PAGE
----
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A Chance Encounter on a Beach and an Epiphany

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I had the amazing opportunity to visit St. Thomas U.S.V.I. over spring break. We were nervous about taking this trip, as we we were still waiting on our first doses of the COVID-19 vaccine, but then we started thinking that my oldest daughter is a junior in high school and we may not have her to vacation with us much longer. We took the necessary COVID-19 tests the U.S. Virgin Islands required to arrive on the island, and off we went (at the time we planned the trip they had zero reported cases). 

I knew one of my favorite authors, Elin Hilderbrand, was on the nearby island of St. John because she goes there to write for five weeks each spring. I kept joking that I’d love to bump into her on the day we took the ferry to St. John, but who was I kidding? She knew all the off-the-beaten path beaches so there was no way I was going to run into her on the tourist beach we planned to visit. As fate would have it, we didn’t realize how limited parking was at the beach we wanted to go to and were forced to turn around in our rented jeep and park in the first beach we could find a spot. This one was called Hawksnest Bay, and it only had a changing area and bathrooms—no other amenities like some of the other beaches. My husband went into the restroom and I stood with my two teens reading the sign with all the rules for the beach. Right at that moment, Elin Hilderbrand came strolling through the trees with a beach bag slung over her shoulder. I blurted out, “Hi, I’m such a big fan!” She replied, “Thank you! Good to see you!”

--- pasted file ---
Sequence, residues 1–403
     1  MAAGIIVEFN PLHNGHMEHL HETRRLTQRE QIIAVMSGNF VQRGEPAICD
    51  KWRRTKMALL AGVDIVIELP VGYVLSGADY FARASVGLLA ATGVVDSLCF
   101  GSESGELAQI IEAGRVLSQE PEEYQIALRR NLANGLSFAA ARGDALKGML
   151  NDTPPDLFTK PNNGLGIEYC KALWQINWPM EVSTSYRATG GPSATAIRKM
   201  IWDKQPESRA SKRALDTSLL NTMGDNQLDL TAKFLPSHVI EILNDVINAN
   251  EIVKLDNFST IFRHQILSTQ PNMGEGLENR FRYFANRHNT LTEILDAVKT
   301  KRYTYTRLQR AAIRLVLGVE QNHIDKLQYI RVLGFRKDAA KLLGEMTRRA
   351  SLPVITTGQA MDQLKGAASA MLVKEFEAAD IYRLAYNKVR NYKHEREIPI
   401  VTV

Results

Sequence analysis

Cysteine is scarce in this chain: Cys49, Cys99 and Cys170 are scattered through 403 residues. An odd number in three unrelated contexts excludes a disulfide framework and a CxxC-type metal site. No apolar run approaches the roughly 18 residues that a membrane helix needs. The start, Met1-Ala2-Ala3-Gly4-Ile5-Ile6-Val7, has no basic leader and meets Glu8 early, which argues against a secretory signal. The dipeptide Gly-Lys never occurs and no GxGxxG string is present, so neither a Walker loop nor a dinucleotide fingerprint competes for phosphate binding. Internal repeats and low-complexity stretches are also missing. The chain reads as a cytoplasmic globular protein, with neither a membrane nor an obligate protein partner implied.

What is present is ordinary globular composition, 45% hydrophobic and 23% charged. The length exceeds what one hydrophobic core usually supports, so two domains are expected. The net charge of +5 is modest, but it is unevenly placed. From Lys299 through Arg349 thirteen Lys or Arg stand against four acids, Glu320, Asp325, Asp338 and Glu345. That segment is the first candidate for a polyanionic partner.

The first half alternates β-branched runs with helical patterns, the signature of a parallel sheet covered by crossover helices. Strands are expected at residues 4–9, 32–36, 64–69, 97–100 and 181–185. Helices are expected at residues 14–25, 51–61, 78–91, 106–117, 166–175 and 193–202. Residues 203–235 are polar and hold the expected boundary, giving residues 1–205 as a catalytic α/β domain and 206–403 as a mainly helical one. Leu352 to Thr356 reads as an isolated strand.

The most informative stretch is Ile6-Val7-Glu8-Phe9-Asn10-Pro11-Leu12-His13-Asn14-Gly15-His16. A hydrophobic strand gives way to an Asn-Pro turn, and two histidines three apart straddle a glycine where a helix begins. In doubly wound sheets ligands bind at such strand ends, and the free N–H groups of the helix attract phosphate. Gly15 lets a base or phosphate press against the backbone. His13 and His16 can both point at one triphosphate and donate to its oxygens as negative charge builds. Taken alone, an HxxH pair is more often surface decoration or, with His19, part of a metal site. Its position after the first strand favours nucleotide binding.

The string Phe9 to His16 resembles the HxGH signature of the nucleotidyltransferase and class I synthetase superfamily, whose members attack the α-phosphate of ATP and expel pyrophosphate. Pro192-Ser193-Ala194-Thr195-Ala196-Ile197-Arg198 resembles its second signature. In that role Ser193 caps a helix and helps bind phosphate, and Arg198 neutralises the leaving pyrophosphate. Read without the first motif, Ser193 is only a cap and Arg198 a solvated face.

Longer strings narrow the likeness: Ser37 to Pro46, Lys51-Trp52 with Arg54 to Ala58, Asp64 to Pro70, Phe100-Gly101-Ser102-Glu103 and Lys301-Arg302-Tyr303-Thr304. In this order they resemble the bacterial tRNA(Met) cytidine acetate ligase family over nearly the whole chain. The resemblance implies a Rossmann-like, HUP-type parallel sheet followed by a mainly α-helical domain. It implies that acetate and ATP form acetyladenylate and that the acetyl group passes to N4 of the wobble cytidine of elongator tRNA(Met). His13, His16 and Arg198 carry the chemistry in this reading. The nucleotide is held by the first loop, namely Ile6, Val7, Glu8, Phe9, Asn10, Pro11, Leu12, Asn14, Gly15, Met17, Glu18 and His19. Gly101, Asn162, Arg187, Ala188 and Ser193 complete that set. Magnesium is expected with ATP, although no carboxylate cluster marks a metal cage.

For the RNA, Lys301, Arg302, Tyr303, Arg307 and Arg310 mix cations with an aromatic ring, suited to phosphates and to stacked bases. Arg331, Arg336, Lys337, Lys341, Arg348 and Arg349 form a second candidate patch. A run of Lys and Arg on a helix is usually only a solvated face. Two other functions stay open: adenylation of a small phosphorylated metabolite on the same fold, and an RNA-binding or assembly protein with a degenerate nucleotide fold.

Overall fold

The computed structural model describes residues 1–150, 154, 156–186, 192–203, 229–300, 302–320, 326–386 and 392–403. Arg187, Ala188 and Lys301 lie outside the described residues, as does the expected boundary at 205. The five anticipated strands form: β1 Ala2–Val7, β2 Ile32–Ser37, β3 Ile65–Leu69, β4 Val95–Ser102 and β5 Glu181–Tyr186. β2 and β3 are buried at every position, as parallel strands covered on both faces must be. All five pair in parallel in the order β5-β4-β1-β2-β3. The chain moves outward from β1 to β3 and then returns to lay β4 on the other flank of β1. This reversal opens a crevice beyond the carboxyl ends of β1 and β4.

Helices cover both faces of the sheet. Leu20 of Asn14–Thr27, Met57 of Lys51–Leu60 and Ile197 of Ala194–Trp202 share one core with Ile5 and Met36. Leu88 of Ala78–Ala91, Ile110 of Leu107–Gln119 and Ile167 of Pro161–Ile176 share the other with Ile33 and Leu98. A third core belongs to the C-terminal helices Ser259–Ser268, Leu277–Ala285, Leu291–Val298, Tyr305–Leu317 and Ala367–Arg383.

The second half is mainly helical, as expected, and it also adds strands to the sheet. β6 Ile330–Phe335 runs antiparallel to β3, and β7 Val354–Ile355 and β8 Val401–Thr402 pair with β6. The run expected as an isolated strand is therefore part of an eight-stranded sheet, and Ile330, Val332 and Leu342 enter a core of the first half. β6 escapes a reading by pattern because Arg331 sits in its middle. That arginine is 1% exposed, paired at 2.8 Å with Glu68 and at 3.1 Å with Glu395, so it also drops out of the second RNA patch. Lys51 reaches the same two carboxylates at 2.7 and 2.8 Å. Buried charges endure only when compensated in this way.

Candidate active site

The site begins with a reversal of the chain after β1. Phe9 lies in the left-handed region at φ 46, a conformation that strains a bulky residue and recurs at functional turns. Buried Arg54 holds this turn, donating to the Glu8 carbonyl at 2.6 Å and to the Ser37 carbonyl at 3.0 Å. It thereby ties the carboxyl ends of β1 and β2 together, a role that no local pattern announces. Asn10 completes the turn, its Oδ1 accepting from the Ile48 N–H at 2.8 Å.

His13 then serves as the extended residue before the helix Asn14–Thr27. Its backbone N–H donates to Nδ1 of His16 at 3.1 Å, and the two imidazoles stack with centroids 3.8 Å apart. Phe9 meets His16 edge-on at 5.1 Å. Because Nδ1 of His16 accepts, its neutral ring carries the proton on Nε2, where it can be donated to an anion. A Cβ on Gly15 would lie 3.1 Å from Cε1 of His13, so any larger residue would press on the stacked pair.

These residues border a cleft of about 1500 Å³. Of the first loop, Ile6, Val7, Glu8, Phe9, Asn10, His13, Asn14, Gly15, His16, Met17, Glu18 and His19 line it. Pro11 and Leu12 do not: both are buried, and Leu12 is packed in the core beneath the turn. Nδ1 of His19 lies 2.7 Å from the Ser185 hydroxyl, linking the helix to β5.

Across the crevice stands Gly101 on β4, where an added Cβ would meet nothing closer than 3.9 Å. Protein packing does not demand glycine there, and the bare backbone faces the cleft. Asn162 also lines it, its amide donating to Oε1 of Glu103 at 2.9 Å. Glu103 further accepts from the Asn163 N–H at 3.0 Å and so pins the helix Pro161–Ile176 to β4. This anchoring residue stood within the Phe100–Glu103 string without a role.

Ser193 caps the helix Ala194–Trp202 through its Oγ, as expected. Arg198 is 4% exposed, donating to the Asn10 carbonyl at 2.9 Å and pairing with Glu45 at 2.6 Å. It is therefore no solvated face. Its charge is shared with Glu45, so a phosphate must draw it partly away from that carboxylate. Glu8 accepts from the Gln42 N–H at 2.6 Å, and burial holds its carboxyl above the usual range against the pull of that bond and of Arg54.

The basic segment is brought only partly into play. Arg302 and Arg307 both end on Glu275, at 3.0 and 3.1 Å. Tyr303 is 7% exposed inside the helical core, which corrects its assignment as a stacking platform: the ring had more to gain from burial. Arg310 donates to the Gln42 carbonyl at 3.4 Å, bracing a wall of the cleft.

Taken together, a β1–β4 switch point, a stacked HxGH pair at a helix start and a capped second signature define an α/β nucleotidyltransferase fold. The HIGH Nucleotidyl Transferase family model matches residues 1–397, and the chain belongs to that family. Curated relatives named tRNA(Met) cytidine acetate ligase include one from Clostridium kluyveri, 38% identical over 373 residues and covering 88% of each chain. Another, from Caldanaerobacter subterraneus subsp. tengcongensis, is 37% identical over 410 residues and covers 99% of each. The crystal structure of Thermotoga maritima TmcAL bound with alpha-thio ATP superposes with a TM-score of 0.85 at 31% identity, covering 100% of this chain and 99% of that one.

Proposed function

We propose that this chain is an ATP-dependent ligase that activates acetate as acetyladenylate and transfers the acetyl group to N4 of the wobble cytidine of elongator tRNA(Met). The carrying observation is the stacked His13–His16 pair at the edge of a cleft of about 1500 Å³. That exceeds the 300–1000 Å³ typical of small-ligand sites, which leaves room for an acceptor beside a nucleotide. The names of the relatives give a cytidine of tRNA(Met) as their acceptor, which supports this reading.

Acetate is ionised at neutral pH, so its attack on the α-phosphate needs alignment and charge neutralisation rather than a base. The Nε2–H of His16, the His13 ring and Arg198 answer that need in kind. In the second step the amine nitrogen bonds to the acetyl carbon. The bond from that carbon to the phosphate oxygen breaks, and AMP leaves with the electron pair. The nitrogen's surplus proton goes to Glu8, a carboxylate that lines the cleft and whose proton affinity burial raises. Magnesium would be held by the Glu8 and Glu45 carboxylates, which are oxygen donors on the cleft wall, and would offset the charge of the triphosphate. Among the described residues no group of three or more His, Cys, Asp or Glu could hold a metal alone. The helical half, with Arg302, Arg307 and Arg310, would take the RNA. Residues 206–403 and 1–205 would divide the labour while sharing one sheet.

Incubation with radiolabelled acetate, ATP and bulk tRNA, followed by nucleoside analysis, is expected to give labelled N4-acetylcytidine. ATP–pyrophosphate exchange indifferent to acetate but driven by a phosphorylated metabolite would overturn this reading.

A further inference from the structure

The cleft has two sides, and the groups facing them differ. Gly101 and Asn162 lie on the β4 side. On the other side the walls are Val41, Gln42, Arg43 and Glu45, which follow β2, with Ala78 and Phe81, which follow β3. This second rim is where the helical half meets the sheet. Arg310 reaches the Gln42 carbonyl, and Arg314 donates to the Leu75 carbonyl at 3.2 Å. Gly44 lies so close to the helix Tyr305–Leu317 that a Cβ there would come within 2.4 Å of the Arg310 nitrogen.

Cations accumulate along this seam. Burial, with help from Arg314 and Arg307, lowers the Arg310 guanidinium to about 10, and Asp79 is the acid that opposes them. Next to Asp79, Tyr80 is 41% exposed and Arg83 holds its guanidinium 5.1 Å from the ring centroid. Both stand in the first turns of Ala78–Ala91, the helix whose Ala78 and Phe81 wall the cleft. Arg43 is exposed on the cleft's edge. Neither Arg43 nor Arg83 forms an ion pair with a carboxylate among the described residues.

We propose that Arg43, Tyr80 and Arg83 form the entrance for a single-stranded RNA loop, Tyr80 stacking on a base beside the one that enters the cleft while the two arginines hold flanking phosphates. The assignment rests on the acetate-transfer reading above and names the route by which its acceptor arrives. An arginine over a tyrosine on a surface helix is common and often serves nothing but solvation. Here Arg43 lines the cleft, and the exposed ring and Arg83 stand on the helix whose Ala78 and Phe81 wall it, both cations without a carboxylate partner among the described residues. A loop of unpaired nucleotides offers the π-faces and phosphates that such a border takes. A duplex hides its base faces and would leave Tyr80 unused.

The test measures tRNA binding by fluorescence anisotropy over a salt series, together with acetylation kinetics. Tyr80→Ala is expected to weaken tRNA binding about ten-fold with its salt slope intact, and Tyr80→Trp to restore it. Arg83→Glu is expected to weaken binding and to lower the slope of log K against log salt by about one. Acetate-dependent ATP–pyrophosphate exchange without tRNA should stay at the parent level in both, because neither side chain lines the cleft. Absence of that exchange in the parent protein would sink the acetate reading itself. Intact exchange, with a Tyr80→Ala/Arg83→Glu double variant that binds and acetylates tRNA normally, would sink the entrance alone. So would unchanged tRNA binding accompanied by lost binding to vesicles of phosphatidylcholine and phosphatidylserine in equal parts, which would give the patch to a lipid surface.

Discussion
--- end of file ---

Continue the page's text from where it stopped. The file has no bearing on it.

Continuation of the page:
She spread out her beach towel and wondered if I would see her writing her next novel longhand on one of the yellow notepads she favors (can you tell I know a lot about her from her Instagram page?) But instead, she sprayed on sunscreen and relaxed on her towel. As I stood looking at the clear blue water and the coral reef underneath, I had an epiphany. I had been waking up every day on vacation around 4 or 5 a.m., worried about nagging little things at my day job and worried because I had to take a break from producing my true crime podcast. The epiphany was this—I’m anxious because I know it’s time for me to “level up.” And by “level up,” I mean it’s time to seek out more sponsors for my podcast, to pitch the podcast to local media outlets, to get more ahead of my content calendar. Put in the work necessary to succeed. Yes, I’ve been putting it off because of work deadlines at my day job, but I’ve also been putting it off because I’m scared. I’m scared to take the next step, scared to outline the non-fiction book that I know I can create from the podcast content, scared to put myself out there more to promote and sell the work. But it’s time. I’m sure it didn’t just take running into a New York Times bestseller on a remote beach on an island to make me realize these things, but it sure didn’t hurt. 

Have you ever stopped working on something because you were scared of promoting yourself or taking a step you knew could lead to success? I’d love to hear your thoughts!


Renee Roberson is an award-winning freelance writer and editor who also hosts the true crime podcast, “Missing in the Carolinas.” This week, the podcast surpassed 20,000 downloads.

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